Economic implications of the digital economy

Joint conference hosted by the Australian Bureau of Statistics and the Reserve Bank of Australia

Joint conference hosted by the Australian Bureau of Statistics and the Reserve Bank of Australia

Event overview

9-10 March 2022
H.C. Coombs Centre
122A Kirribilli Avenue, Kirribilli NSW 2061

This conference is designed to provide a better understanding of the policy implications arising from digital technology-enabled disruption and explore the links to economic measurement and the information needs of policy makers.

Digital disruption leads to existing business models being supplanted by new models that bring more efficiency to the sale or distribution of products. Consumers are increasingly able to use technology to shop for products at lower prices with greater convenience - which has the impact of reducing the pricing power of businesses. This reduced pricing power, in turn, causes businesses to further intensify their focus on creating greater operational efficiencies.

It is likely that this disruption is becoming a greater factor in the economic outcomes of workers. Increasingly, workers with lower levels of educational attainment are seeing their jobs restructured or eliminated. Unless they have sufficient math and literacy skills, or are retrained, these workers will see their productivity and incomes decline as a result of disruption.

Further digital technology provides opportunities for how government interacts with citizens in the delivery of services such as education and health. It also provides the potential for new approaches to policy setting which are more targeted and evidence based than previously due to the availability of more timely and granular data.

The rise of the digital economy has also seen the rise of firms that do not explicitly charge their customers for the products they offer but instead use the data their customers (passively) provide to generate value. This creates questions for the measurement of their economic output. Further, the network benefits that accrue to firms that are dominant suppliers generates an oligopolistic structure for the industry, which has public-policy implications.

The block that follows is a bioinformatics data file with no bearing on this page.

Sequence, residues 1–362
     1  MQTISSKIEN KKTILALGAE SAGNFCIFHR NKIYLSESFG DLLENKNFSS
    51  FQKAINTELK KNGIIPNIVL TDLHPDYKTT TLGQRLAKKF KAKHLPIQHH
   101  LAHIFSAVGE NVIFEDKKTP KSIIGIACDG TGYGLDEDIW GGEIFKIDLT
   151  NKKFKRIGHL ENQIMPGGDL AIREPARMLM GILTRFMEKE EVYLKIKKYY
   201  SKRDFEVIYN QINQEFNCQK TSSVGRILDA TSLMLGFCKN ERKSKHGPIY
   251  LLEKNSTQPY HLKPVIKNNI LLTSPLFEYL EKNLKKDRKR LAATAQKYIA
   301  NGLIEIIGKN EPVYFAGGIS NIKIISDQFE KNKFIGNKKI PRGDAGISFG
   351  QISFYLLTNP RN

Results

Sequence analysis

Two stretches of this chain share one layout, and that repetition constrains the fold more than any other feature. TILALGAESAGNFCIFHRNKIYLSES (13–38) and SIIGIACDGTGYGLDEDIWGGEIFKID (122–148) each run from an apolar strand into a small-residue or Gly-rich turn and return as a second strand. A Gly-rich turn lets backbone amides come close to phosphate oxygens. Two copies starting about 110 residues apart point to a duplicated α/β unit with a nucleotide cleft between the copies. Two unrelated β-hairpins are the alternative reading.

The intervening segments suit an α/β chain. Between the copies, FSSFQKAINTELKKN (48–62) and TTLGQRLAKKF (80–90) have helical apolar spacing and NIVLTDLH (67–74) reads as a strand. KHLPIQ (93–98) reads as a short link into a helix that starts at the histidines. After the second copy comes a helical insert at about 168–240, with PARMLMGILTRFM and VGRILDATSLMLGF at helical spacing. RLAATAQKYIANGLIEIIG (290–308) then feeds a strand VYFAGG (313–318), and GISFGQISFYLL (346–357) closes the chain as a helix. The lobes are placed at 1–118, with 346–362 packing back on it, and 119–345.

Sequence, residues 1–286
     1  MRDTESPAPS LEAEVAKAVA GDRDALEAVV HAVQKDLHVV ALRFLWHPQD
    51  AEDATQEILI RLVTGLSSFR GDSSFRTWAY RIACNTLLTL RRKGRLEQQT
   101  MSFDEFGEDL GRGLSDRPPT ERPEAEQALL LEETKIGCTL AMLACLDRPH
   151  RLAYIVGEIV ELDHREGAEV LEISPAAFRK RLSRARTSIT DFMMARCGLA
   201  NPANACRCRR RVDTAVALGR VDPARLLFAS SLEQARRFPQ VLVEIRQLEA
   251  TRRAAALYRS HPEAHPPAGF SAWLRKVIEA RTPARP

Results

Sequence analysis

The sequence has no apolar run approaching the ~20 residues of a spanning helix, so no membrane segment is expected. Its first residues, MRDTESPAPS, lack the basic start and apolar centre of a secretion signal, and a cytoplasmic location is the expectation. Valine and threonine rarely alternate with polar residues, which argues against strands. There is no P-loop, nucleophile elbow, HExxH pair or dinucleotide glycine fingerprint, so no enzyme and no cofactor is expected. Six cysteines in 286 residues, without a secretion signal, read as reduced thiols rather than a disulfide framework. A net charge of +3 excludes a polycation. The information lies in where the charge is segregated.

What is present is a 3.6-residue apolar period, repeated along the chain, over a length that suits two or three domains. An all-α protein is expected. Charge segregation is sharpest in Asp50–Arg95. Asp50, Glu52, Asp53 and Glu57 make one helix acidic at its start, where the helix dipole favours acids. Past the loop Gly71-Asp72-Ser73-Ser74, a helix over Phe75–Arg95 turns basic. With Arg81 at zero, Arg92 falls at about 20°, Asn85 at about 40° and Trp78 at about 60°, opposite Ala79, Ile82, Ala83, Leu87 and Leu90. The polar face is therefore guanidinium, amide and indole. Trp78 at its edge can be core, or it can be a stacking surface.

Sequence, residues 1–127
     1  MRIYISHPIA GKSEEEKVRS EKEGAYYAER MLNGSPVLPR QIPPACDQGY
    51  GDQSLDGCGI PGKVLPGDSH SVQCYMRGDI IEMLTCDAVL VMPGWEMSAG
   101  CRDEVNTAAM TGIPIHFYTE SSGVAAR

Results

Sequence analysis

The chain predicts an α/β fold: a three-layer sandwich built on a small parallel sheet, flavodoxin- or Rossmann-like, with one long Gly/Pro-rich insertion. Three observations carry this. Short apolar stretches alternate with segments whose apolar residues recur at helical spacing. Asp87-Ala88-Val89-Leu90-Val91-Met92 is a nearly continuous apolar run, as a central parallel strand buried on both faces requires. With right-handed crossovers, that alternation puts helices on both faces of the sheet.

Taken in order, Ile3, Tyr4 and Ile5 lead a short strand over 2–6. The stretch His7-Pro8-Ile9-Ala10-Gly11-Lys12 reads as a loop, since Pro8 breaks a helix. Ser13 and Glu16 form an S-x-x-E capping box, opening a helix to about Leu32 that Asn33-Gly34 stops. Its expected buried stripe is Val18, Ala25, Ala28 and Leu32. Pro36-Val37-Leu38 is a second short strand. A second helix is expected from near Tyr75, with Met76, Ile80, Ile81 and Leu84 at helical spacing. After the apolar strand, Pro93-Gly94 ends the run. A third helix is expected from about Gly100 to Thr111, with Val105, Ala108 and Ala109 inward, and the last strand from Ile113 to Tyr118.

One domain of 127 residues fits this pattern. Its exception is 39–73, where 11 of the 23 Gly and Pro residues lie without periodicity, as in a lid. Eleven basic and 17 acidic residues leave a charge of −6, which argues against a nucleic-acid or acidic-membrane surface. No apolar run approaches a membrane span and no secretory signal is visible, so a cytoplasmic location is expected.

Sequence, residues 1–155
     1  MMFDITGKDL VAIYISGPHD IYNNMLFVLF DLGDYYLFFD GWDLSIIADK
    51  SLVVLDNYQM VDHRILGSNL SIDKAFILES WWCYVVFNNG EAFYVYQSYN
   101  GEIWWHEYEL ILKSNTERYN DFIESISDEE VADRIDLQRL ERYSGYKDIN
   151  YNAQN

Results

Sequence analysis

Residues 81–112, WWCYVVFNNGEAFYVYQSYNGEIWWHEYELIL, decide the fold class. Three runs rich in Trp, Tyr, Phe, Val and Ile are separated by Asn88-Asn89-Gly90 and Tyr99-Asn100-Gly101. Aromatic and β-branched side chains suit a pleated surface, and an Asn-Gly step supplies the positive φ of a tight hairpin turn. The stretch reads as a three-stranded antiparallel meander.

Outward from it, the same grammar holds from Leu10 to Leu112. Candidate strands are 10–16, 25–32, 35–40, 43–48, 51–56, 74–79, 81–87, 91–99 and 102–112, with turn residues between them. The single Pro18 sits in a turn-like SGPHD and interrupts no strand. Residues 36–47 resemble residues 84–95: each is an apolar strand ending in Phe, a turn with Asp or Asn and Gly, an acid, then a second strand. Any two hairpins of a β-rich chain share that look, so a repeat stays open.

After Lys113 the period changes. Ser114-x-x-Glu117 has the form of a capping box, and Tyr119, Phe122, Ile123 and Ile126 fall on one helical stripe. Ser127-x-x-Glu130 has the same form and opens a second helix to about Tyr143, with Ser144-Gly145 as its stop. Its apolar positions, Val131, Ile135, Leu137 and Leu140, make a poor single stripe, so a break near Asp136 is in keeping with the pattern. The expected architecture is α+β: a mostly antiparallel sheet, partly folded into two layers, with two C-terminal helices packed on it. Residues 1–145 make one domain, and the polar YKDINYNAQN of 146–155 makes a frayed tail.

Professor Marian Baird

Dr Tom Barratt

Dr James Bishop

Professor Jeff Borland

Professor Robert Breunig

Dr Andrew Charlton

Associate Professor Michael Coelli

Mark Cully

Dr Catherine de Fontenay

Dr Guy Debelle

Professor Kevin Fox

Dr Caleb Goods

Elayne Grace

Dr David Gruen

Angela Hope

Dr Ralph Lattimore

Dr John Simon

Michael Smedes

Dr Alex Veen

Jacqui Vitas

Professor Elizabeth (Beth) Webster

Elise Whalan

Danielle Wood

Conference agenda

Day 1 – Wednesday 9 March 2022
TimeAgenda itemSpeakers
7:30amCoffee, tea and breakfast 
9:30amWelcome to Country 
9:40amOpening remarksDr David Gruen, Australian Bureau of Statistics
10:00amSession 1 – Digital implications for business operations and production: tax policy, international trade, production functions, capital investment, fintech
 Impact of digital innovation on new products, processes, and competitionProfessor Elizabeth (Beth) Webster, Swinburne University of Technology
Digital services taxesProfessor Robert Breunig, The Australian National University
Valuing data as an asset, implications for economic measurementMichael Smedes, Australian Bureau of Statistics
Head in the Cloud: Firm performance and cloud computingDr Catherine de Fontenay, Productivity Commission
Dr Ralph Lattimore, Productivity Commission
DiscussantMark Cully, Treasury
ChairDr John Simon, Reserve Bank of Australia
2:30pmSession 2 – Digital implications for the labour market: skills, education, wages, displaced workers, intermediaries
 The Australian labour market and the digital economyProfessor Jeff Borland, University of Melbourne
Associate Professor Michael Coelli, University of Melbourne
Navigating new forms of work and Australia's social security system: the experiences of Australian ride-share driversProfessor Marian Baird, University of Sydney
Dr Tom Barratt, Edith Cowan University
Dr Caleb Goods, University of Western Australia
Dr Alex Veen, University of Sydney
Digital skills in the Australian and international economiesAngela Hope, National Skills Commission
DiscussantDr James Bishop, Reserve Bank of Australia
ChairMichael Smedes, Australian Bureau of Statistics
4:30pmClose session 2 
6:00pmConference dinner 

Panel discussion

Dr David Gruen, Australian Bureau of Statistics
Dr Guy Debelle, Reserve Bank of Australia
Danielle Wood, Grattan Institute

Panel Moderator:
Dr Andrew Charlton, Accenture
8:30pmClose day 1 
Day 2 – Thursday 10 March 2022
TimeAgenda itemSpeakers
7:30amCoffee, tea and breakfast 
9:00amSession 3 – Digital implications for consumers: competition, utility, pricing power & inflation, households as producers, data sovereignty
 Big data and the digital economy: Benefits and pitfalls in the insurance industryElayne Grace, Actuaries Institute
The digital economy, welfare and productivity growthProfessor Kevin Fox, University of New South Wales
Looking under the lamppost or shining a new light: new data for unseen challengesMark Cully, Treasury
Elise Whalan, Treasury
DiscussantDanielle Wood, Grattan Institute
ChairJacqui Vitas, Australian Bureau of Statistics
12:30pmClosing remarks/wrap up/summary/key takeawaysDr John Simon, Reserve Bank of Australia
12:45pmLunch and depart 

Papers - Session 1

Papers - Session 2

Papers - Session 3

Back to top of the page